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The drone industry is in a unique time period.
We’re past early adoption, but not so far along that the big players (on all sides of the industry) have a solid foothold.
So if you’re on the fence about starting your drone services business, now is the time to take the leap.
As you probably know, on August 29, 2016 the Federal Aviation Administration released Part 107, their new set of rules and regulations for commercial drone flight.
Up until this point, a pilot could apply for a 333 exemption. Under this exemption, one could legally earn money for their drone services, but the rules were really “guidelines” and no knowledge test was required.
Despite over 5,000 exemptions being granted, many pilots either decided that the cost/hassle of the 333 exemption process wasn’t worth it, or they saw something much more concrete (i.e. Part 107) coming up in the near future, so they decided to wait.
On the client side, a remote pilot airman certificate obtained under Part 107 carries a lot more credibility than a 333 exemption. It states that you have extensive knowledge about small UAS and aeronautical operations.
Potential clients who were hesitant about the 333 exemption are now are much more convinced of a pilot’s ability if they have an official remote pilot airman certificate. And they are actively seeking out these pilots.
Part 107 has provided a layer of trust in the aerial services market that will spark a sharp rise in both commercial drone sales and services rendered across the country.
As an aspiring professional pilot, there is no better time to enter the market than in the midst of this rise.
Here is study material for the Part 107 aeronautical knowledge test: http://www.faa.gov/regulations_policies/handbooks_manuals/aviation/media/remote_pilot_study_guide.pdf
And here is a list of FAA-approved test centers: https://www.faa.gov/training_testing/testing/media/test_centers.pdf
It takes time to study for the Part 107 knowledge exam, and it takes time to schedule and hopefully pass the test.
This means that, despite the exam being out for almost 6 weeks at the time of this writing, there is still going to be a delay before the market gets flooded with certified pilots.
Once the market gets saturated and even more potential clients are aware of how they can use drone services, true supply and demand principles will take place.
Pilots who got in early and established a client base will benefit from word of mouth and rising reputation in the space. Pilots just entering the industry will have to get more creative about how they stand out in a crowded market as time goes on.
The sooner you start your business, the more likely you will end up as one of the early birds.
Pilots who entered the market during the 333 exemption period had to be the innovators.
They had to figure out how to find clients, keep clients, price and package their services, which equipment to use, and so on.
Now, many of those pilots have shared that information in forums and other communities online. The information isn’t perfect, but there is enough out there to drastically lower the learning curve for new commercial drone pilots.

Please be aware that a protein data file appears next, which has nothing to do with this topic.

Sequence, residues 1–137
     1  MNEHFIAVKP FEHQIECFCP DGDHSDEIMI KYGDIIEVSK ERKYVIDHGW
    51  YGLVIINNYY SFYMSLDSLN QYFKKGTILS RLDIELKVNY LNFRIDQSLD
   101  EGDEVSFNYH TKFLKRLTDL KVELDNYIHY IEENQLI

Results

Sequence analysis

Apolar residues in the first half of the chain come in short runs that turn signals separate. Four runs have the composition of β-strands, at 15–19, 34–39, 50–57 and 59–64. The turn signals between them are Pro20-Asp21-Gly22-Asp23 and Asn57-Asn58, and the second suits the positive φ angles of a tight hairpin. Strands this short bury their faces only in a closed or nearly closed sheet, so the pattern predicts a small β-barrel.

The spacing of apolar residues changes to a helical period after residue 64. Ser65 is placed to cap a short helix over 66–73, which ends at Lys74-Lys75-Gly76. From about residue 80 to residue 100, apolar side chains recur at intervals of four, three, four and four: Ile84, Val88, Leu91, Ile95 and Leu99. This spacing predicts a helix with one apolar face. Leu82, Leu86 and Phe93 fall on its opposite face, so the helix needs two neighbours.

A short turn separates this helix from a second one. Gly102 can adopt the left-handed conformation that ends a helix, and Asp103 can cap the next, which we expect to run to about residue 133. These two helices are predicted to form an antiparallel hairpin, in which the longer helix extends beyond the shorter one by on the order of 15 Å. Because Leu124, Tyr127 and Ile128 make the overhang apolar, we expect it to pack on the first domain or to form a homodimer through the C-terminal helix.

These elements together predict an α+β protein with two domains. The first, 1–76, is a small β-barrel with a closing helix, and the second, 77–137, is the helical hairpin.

And you can find enough information on building/managing your business in general and for building your skill set. This makes the barriers to entry a lot lower than they were even a few months ago.
Here are a few of my favorite resources:
How to Fly a Quadcopter – The Ultimate Guide — An excellent article on learning how to fly a drone.
Marketing Your Drone Business: How to Find New Customers — Skyward breaks down a 6-step process to find drone clients.
CineChopper University — An online course on starting an aerial photography/videography business and building your skills.
QuickBooks — One of the best pieces of accounting software I’ve used.
Youtube — If there’s anything you want to learn about taking aerial shots, your equipment, etc, search for it on Youtube and you will probably find an answer.
Finally, drone services are in high demand.
The FAA predicts that the top five sUAS markets will be:
All of these markets have a strong incentive to utilize drones to lower costs, work more efficiently, take humans out of harm’s way, and more.
And as more studies emerge confirming these benefits and word of mouth spreads, demand for skilled drone pilots will increase even further.
The FAA also predicts that commercial drone sales will go from .6 million units in 2016 to 2.7 million in 2020, and it states that “the overall demand for commercial UAS will soar once regulations more easily enable beyond visual line of sight (BVLOS) operations and operations of multiple UA by a single pilot” (PDF).
In the same report, the FAA states that when they come out with regulations that allow for BVLOS operations, the real market sizes could end up being higher than the forecast.
This means that you are entering a market that is already aware of your services, but, at the same time, isn’t saturated with service providers just yet.
There is a huge arbitrage opportunity in the drone aerial services market right now.
The combination of official regulations/certification, an unsaturated market, information to lower the learning curve, and in-demand services makes this a wonderful landscape for new professional pilots to enter and navigate.
What’s holding you back from starting your business or growing it further? Let me know in the comments below.